Selling your business isn't just a matter of blanket advertising. Strategy is a vital component.
There is an old adage that nothing happens in business until a sale is made and all businesses - whatever their size, shape product or function - need customers to prosper. While it is possible to acquire customers and grow without ever having a formal sales strategy, like most things in life having a plan will greatly improve your chances of success.
A sales strategy is basically a formal plan; it will clarify how you will identify your future customers and how you will make them your customers. The process doesn’t need to be longwinded and doesn’t require onerous documentation but you can be assured the time you spend doing it up front of any sales activity will be repaid many times over through saved time and increased sales.
To create a sales strategy you will need to do some basic research to understand information about your business. The chances are you will have considered most of these areas when deciding to set up your business. Key elements to consider are:
Who is your target market? There are very few products that have universal appeal, generally you will be selling to some kind of niche, be it large or small, and understanding who you do not want to sell to is as important as knowing who you do want to sell to. In assessing your target market you need to take into account geography. Is your business local, regional, national or international?
Who are your competitors? How does your product or service compare to theirs? How do they reach their customers? What are their strengths and weaknesses?
What is your unique selling point in the market? Why should someone choose to do business with you over your competitors? What are your strengths and weaknesses?
Where will your product or service be positioned in terms of price? Do you require a large number of sales with a low profit margin per sale, or a small number of sales with high profit margins? Understand your margins and know when you are prepared to walk away from a sale.
Once you have made the sale how is it fulfilled to the customer?
Once you have gathered this information and have a clear picture of what you are selling, and to whom, the next step is to consider how you will sell to your customers. The advent of the internet has changed business forever, making it easier for motivated customers to find what they are looking for. However, the web is not a magic wand that will automatically attract custom and most businesses will still have to go out and actively seek customers.
Once you have identified your target market the next step is to identify how you will make contact with them. The choices are:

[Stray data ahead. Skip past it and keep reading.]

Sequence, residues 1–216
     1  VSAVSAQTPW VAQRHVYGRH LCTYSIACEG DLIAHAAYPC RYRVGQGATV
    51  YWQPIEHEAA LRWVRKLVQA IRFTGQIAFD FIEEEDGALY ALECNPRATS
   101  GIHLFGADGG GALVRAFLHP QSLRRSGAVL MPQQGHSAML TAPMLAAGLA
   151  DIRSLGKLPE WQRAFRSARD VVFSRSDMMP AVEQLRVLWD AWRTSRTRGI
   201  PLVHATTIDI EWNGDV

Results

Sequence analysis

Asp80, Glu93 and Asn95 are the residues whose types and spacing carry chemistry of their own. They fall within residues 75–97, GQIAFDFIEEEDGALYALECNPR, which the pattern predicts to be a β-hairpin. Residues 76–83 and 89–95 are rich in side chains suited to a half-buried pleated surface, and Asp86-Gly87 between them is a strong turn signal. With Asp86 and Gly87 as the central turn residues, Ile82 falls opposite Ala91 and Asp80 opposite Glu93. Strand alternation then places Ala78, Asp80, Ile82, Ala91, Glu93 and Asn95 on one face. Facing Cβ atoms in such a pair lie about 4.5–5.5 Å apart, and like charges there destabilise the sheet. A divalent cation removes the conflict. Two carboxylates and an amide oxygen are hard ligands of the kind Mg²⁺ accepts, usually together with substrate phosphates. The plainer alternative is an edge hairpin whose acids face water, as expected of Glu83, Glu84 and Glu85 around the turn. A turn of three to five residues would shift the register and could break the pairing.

- Direct contact: (Face to face selling, networking, trade shows etc). Face to face contact can be very powerful and effective but comes with the limitation of the number of calls you can make and the associated high cost per sale.
- Telesales: A lower cost option than face to face sales that still creates customer contact. In its favour a large number of cost effective calls can be made but it is limited by an inability to demonstrate a product and the quality of leads available (this is becoming an increasing problem as potential consumers opt out of canvassing calls through the Telephone Preference Service).
- Promotion/advertising: The options available to reach consumers are endless, ranging from the traditional routes such as print, radio, television, PR and direct mail to the latest methods including Facebook ads, Google ad words and social marketing. The method that you choose will ultimately depend upon your market, your product and your budget - however, when planning for customer acquisition it is likely that you will need to factor in costs for at least one of these methods. Even if your business is purely web-based, customers will need to be able to find you and this will generally require some form of marketing.
The final part of a sales strategy is the part that is often sadly neglected - customer retention. Although the figures will vary depending on which source you turn to, all commentators agree on one thing. It is far more profitable to retain and develop an existing customer than to attract a new one. Having gone through the hard work of winning a customer, it is just as important to have a plan of how you will look after them, resolve any problems that may arise, and understand them as a customer and bring value to the relationship, generally known as Customer Relationship Management.
Adrian Rawlinson is the Managing Director of Achieve More Media Ltd
In addition to running a successful publishing company Adrian is a sales and marketing consultant specialising in customer relationship management.
He is also a sales and management trainer and qualified NLP performance coach.